After the aged Simeon has blessed the infant Jesus and proclaimed his greatness as a light to enlighten the world and bring glory to the people of Israel, he turns to the Blessed Virgin and prophesies that her Son will be a sign of contradiction and that a sword will pierce her soul (Lk 2:34-35).
This expression foresees the struggle, the contradictions, the pains, that is, the way in which the work of redemption sung about in Simeon’s song of thanksgiving will be accomplished.
Here the holy old man clearly announces the suffering of our Saviour and the compassion of the Blessed Mother. He predicts that some will be for Jesus, others against him. He will deliver many from sin and lead them to Heaven.
But he will also be a cause of fall for many who will refuse to hear his message and will shut themselves up in their sin, thus earning eternal Hell. “The light has come into the world, but men loved darkness rather than light, because their works were evil” (John 3:19).
The Blessed Virgin will suffer terribly from the ingratitude of men and she will suffer even more to see her Son cruelly mistreated and killed. The sword which the holy old man announces is therefore the sword of Mary’s compassion.
Thus the mystery of the 2nd of February is a magnificent revelation of the time-honoured saying: per crucem ad lucem – Only through the cross does one reach the light.
Simeon’s song is full of light, peace and gentleness. When he goes to congratulate the parents, one can imagine the joyful face of the old holy man, full of gratitude and holy amazement. Immediately afterwards, however, his prophetic eyes must have darkened, and his words came out sharp and piercing like the sword announced to Mary.
Simeon’s joy and his prophetic words, which proclaimed the great reality of this divine redemptive sacrifice and the law of her maternal pain connected with it, had already been known to Mary from the moment of the angel’s announcement. Yes, she had already experienced these joys and pains on a daily basis from the journey to Bethlehem until this moment.
Simeon’s amazed exultation was but a pale comparison with Mary’s ardent and loving joy, and the sufferings he prophesied corresponded in her heart to the painful experience already begun.
With a very deep knowledge, her mind gathered, as usual, to reflect on the words she had heard: “And his father and his mother marvelled at what was said about him.” (Lk 2:33).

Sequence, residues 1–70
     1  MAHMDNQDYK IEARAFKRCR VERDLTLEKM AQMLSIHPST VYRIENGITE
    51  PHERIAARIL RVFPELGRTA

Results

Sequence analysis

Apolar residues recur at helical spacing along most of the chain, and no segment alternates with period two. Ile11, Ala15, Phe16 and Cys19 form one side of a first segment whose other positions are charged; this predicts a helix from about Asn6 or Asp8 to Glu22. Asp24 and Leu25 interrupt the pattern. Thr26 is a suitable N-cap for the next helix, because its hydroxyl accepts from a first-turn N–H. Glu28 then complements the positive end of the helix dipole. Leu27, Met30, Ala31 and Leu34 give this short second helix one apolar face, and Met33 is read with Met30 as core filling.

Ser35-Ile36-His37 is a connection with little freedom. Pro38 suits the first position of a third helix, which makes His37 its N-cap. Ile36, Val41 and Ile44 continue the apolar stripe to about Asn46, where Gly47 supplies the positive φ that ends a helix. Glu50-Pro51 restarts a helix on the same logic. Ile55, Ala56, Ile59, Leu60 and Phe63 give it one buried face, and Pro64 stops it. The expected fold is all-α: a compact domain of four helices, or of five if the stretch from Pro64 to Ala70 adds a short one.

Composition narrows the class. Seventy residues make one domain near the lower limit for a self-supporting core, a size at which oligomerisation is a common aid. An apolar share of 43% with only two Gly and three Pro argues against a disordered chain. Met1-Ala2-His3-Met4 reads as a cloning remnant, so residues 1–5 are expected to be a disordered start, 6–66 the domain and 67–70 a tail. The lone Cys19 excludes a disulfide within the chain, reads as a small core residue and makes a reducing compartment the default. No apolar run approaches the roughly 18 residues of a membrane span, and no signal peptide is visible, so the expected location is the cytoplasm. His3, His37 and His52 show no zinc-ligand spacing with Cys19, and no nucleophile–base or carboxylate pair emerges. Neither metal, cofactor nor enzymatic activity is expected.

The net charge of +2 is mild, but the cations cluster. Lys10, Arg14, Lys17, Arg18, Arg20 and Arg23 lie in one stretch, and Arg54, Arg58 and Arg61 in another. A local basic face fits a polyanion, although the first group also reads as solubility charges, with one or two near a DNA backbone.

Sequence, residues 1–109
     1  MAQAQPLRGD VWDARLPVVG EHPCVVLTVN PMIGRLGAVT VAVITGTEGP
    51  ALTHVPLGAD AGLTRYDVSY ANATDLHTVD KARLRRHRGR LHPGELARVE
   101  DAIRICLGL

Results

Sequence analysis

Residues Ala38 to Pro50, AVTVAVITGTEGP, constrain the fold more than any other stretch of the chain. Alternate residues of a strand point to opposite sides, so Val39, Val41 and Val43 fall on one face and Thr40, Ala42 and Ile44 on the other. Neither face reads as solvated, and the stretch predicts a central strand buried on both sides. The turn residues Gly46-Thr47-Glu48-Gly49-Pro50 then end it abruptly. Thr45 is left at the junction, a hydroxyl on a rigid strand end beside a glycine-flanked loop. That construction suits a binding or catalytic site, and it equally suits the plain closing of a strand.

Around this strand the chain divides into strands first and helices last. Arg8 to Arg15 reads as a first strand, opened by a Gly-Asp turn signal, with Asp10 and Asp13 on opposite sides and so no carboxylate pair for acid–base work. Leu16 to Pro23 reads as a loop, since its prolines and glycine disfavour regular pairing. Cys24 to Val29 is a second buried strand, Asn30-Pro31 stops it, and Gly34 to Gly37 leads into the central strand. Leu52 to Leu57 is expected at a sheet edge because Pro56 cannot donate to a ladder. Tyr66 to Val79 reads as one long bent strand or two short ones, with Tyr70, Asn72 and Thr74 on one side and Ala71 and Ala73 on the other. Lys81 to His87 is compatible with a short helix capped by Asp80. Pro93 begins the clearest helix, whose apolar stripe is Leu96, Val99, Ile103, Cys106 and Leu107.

The Gospel reports this immediately after the song of Simeon’s joy, but Mary remained in this frame of mind, even though the words of abysmal sadness immediately followed. And she responded generously with the inner renewal of her heroic and loving “fiat”.
“I feel with you, O sorrowful Mother, the pain caused by the sword piercing you when Simeon prophesied to you in the temple of the torments which men would inflict on your beloved Jesus, up to the moment when he died before your eyes on the wood of the cross, covered with blood and abandoned by all, without being able to receive protection or help from you. Therefore, my Queen, through this bitter memory which has weighed down your heart for so many years, I ask you to obtain for me the grace to keep the sufferings of Jesus Christ and yourself always, from life to death, engraved in my heart. Amen.” (St. Alphonsus Liguori)
from Liturgia Latina:
2nd February, The Purification of the Blessed Virgin Mary
The Purification of the Blessed Virgin Mary
(also called Candlemas)
With the feast of the Purification ends the Sanctoral Cycle of the Season after Epiphany. It is one of the oldest feasts of our Lady and in Rome in the seventh century it ranked after the Assumption. The feast is kept on February 2, because Mary, wishing to obey the Mosaic law, had to go to Jerusalem forty days after the birth of Jesus (December 25th, February 2nd) to offer the prescribed sacrifices. Mothers were to offer a lamb, or if their means did not allow, “two doves or two young pigeons”. The blessed Virgin took with her to Jerusalem the infant Jesus, and the Candlemas procession recalls the journey of Mary and Joseph ascending to the temple to present “the Angel of the Covenant” had prophesied.
“The wax of the candles signifies the virginal flesh of the Divine Infant,” says St. Anselm, “the wick figures His soul and the flame His divinity.”
The Purification to which the mother of the Saviour was not obliged to conform, as her motherhood was beyond ordinary laws, is not placed in the foreground by the liturgy and the Presentation of Jesus is the principal object of this feast.